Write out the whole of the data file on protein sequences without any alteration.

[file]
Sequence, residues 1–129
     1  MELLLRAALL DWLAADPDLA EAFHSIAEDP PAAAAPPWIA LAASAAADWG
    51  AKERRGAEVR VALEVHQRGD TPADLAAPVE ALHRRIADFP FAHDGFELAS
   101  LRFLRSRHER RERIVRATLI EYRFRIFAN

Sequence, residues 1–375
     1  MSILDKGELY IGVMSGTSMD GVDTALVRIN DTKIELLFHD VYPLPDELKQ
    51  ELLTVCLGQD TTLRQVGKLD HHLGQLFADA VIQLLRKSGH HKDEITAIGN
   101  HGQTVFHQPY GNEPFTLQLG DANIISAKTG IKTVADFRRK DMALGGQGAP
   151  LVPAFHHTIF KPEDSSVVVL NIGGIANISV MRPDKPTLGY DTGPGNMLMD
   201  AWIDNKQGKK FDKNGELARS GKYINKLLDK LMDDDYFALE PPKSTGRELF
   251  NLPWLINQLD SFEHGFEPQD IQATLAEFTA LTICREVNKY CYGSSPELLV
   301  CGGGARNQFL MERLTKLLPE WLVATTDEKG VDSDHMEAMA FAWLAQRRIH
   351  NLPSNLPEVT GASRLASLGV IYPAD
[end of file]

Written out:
Sequence, residues 1–129
     1  MELLLRAALL DWLAADPDLA EAFHSIAEDP PAAAAPPWIA LAASAAADWG
    51  AKERRGAEVR VALEVHQRGD TPADLAAPVE ALHRRIADFP FAHDGFELAS
   101  LRFLRSRHER RERIVRATLI EYRFRIFAN

Sequence, residues 1–375
     1  MSILDKGELY IGVMSGTSMD GVDTALVRIN DTKIELLFHD VYPLPDELKQ
    51  ELLTVCLGQD TTLRQVGKLD HHLGQLFADA VIQLLRKSGH HKDEITAIGN
   101  HGQTVFHQPY GNEPFTLQLG DANIISAKTG IKTVADFRRK DMALGGQGAP
   151  LVPAFHHTIF KPEDSSVVVL NIGGIANISV MRPDKPTLGY DTGPGNMLMD
   201  AWIDNKQGKK FDKNGELARS GKYINKLLDK LMDDDYFALE PPKSTGRELF
   251  NLPWLINQLD SFEHGFEPQD IQATLAEFTA LTICREVNKY CYGSSPELLV
   301  CGGGARNQFL MERLTKLLPE WLVATTDEKG VDSDHMEAMA FAWLAQRRIH
   351  NLPSNLPEVT GASRLASLGV IYPAD